Friday, October 28, 2016


Not wild swans at all, and not at Coole. I photographed these at Stourhead,
a National Trust estate in Wiltshire, England. The year was 1984.
It had just started to rain, and a drop on my lens blurred the mama swan.

It was January 1962, the second semester of my Sophomore year at college, and after taking a half-year course in Chaucer, Middle English language lab a requirement for that, I started the second half of the year with a course on Yeats. There should have been a “language lab” in the wild and wonderful, for that’s how I found Yeats’ poetry. This one has been one of my favorites since then. (And why, I’ve wanted to know for ages, don’t we pronounce Yeats as Yeets, or Keats as Kates?)

The Wild Swans at Coole

The trees are in their autumn beauty,
The woodland paths are dry,
Under the October twilight the water
Mirrors a still sky;
Upon the brimming water among the stones
Are nine-and-fifty swans.
The nineteenth autumn has come upon me
Since I first made my count;
I saw, before I had well finished,
All suddenly mount
And scatter wheeling in great broken rings
Upon their clamorous wings.
I have looked upon those brilliant creatures,
And now my heart is sore.
All’s changed since I, hearing at twilight,
The first time on this shore,
The bell-beat of their wings above my head,
Trod with a lighter tread.
Unwearied still, lover by lover,
They paddle in the cold
Companionable streams or climb the air;
Their hearts have not grown old;
Passion or conquest, wander where they will,
Attend upon them still.

But now they drift on the still water,
Mysterious, beautiful;
Among what rushes will they build,
By what lake’s edge or pool
Delight men’s eyes when I awake some day
To find they have flown away?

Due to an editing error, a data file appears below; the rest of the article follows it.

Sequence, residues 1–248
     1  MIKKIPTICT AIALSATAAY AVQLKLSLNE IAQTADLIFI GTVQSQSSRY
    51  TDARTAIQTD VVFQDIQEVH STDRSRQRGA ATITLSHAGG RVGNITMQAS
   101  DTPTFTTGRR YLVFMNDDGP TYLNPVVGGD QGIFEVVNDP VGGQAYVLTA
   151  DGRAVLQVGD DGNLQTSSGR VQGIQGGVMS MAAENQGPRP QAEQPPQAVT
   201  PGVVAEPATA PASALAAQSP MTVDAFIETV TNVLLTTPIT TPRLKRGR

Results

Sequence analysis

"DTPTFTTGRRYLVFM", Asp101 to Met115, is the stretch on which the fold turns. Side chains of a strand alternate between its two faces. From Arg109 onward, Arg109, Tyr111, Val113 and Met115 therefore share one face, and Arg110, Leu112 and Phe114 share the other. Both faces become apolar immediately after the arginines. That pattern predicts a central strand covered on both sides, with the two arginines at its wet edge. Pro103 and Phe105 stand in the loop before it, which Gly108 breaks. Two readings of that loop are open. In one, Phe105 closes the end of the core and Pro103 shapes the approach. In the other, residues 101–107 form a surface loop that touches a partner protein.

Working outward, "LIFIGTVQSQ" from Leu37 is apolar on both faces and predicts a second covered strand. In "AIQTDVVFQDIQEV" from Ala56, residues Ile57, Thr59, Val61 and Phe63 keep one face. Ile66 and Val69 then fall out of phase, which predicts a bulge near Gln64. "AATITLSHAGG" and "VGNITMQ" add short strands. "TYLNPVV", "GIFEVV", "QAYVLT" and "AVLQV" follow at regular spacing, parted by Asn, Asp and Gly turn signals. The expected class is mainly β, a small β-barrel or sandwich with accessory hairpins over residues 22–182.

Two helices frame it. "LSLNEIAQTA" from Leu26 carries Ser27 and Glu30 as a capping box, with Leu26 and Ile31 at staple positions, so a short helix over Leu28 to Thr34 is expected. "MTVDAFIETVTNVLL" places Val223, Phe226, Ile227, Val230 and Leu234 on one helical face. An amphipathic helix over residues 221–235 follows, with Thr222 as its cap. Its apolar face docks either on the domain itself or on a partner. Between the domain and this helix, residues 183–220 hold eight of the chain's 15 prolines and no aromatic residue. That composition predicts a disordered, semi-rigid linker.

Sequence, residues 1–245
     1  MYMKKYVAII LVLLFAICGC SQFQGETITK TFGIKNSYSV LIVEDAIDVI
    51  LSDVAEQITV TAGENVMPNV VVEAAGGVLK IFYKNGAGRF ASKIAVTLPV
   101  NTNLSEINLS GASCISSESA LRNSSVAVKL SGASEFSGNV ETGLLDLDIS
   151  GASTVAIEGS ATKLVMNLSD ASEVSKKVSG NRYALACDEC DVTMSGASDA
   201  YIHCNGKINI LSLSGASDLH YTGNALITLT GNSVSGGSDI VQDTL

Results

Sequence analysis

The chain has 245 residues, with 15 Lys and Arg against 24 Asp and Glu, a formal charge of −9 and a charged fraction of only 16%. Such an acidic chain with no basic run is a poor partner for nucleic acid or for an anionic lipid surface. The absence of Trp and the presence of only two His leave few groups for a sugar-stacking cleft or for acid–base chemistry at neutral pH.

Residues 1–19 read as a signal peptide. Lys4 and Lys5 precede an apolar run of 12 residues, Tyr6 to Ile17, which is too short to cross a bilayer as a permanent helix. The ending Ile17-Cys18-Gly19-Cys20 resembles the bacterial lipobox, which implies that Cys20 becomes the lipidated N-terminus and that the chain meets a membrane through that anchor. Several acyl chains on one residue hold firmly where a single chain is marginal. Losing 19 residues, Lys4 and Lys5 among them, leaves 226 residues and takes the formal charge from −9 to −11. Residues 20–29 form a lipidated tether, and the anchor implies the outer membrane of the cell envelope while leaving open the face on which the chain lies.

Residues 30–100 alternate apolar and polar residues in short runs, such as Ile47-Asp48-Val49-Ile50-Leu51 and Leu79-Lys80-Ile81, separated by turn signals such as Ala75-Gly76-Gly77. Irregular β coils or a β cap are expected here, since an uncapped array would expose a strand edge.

Wednesday, October 26, 2016


This morning, Atlas Obscura, that daily compendium of the strange and unusual that comes to my inbox every day, has this article about turning corpses into light. It is the future of death.

Constellation Park lights up the East River through pods containing decomposing biomass — the cemetery of the future. COURTESY OF COLUMBIA DEATHLAB

This is a wonderful idea. It would be lovely to think I could end my physical presence on this earth by decaying as a source of light. Do read the full article.

Friday, October 21, 2016


Alice and Maggie
1988 - Colorado Springs Pioneer Museum 

Awaiting the arrival of our first grandchild

This is really Alice, lovingly known to me as Alice From Our Palace Big Job New Yorker. She is Alice to us, her parents, and to most of her family, but to the rest of the world, including her husband and children, she is known as Maggie.

When she moved to Massachusetts, one of her new roommates said “you’re not an Alice, you’re a Maggie!” and Maggie it was from then on as she was introduced into her new community and workplace.

The New Yorker lives in Texas now. I Love both of her.

Wednesday, October 19, 2016


(This is an article I wrote for this month's community magazine here at Sun City Carolina Lakes. Many of our residents are from the north and hardly realize the important role of the south in the American Revolution. History has become more interesting for a lot of us.)
They'll be firing the big guns today

… of the midnight ride of Paul Revere? No! You shall hear of the end of it all and that it was on this day, October 19, 1781, 235 years ago, that the British General Charles Cornwallis officially surrendered his troops to General George Washington at Yorktown, Virginia, effectively ending the Revolutionary War.

“On the eighteenth of April in Seventy-five”, the British were planning to attack on the colonists in Massachusetts, but it wasn’t known how they would proceed. It finally was “two if by sea,” and Revere rode out to warn the people in Lexington and Concord and other Middlesex towns. Paul Revere’s Ride was written by Henry Wadsworth Longfellow some eighty-five years later. This poem, along with the one that relates the story “the shot heard round the world”, Ralph Waldo Emerson’s Concord Hymn, written in 1837, added to a vague recollection of the Boston Tea Party and the burdensome taxes imposed on the colonists, and they often constitute the only idea many adults have of our Revolutionary War history.

Though “the shot heard round the world” was hardly that, the first shot at Concord marked the beginning of our formal break with the mother country.